Shay Mitchell may have found stardom on “Pretty Little Liars,” but growing up, she struggled with her self-image. As a teen, Mitchell, who’s half-Filipino, dyed her hair blonde and wore green contacts to fit in with her predominantly white friend group and emulate the women she saw in magazines. Now, at 30, Mitchell is very different woman. But she doesn’t look back on those years with regret—instead, she considers them a learning experience that pushed her toward embracing her natural beauty.
“I wish I could tell myself then to celebrate more of my natural beauty and what I was born with, instead of trying to be something I’m not,” Mitchell told STYLECASTER at Delta’s Taste of Travel event celebrating its new Blue Delta SkyMiles Credit Card with American Express. “But look, we all go through different stages where we’re trying to figure out who we are and what we want to look like. Ultimately, it comes down to celebrating your uniqueness and not trying to conform to anything else. Be proud of who you are and what you were born with.”
We all go through different stages where we’re trying to figure out who we are and what we want to look like.
Though Mitchell has learned to love her own appearance, not everyone in Hollywood has done the same. When she was first cast Emily Fields on “Pretty Little Liars,” Mitchell recalls being harshly criticized for her looks. In the original Pretty Little Liars books, Emily is fair-skinned with red hair and freckles—traits Mitchell doesn’t have. “People who were big fans of the books wanted to see that character that they had imagined in real life. Frankly, I was the complete opposite,” Mitchell says.
However, as time went on and diversity progressed on television, Mitchell saw the tides turn. Now, instead of criticism, she typically receives an outpouring of support for portraying a character who is diverse, both racially and in terms of sexual orientation. The experience has transformed Mitchell’s perception of “a girl next door,” which she believes now can be anyone.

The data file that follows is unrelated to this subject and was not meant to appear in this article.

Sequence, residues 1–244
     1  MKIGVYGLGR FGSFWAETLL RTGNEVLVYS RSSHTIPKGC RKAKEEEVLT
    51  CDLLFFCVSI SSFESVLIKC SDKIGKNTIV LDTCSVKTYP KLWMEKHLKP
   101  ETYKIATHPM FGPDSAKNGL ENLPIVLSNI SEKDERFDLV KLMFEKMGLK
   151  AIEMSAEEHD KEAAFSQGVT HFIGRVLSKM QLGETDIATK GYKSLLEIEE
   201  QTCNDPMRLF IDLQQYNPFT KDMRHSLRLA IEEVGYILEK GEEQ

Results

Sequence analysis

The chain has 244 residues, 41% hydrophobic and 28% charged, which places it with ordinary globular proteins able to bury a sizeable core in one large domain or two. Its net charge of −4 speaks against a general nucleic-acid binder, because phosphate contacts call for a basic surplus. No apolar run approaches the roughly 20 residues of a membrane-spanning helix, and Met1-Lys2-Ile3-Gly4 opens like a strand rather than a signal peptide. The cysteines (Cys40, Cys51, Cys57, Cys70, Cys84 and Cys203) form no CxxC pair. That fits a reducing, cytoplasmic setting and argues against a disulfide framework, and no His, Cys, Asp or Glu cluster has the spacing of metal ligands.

The world is turning into such a melting pot… There isn’t really that idea of what a girl next door is anymore.
“I hear feedback from so many people saying, ‘Thank you for sharing Emily with me,’ whether it be them relating to her personality, sexuality or ethnicity,” Mitchell says. “The great thing nowadays is I can be the girl next door. The world is turning into such a melting pot, which is a beautiful thing, so there isn’t really that idea of what a girl next door is anymore.”
But, despite fans embracing her Filipino traits, Mitchell doesn’t want to pigeonhole herself into “Asian roles.” Instead, she tries to look beyond race and search for female-driven characters whose skin color does not define them. “I don’t know if I looked particularly for Asian roles. I wanted to immerse myself in any role I found interesting,” Mitchell said. “I think strong, independent female-driven characters are things I tend to lean towards. But I don’t know if ethnicity is an issue with me. I try to ignore that and go in for a character more than their race.”
I [look for more] in a character more than their race.
As for Mitchell’s feelings about young girls facing similar insecurities while growing up, she wants to help break down the facade of celebrity and show that everyone, even big-time TV actresses, feel insecure from time to time. “Everyone has insecurities. I don’t care who you are,” Mitchell says. “I’ve never met anybody who is completely happy with every single thing. It’s about acknowledging the fact that we’re all different and celebrating it.”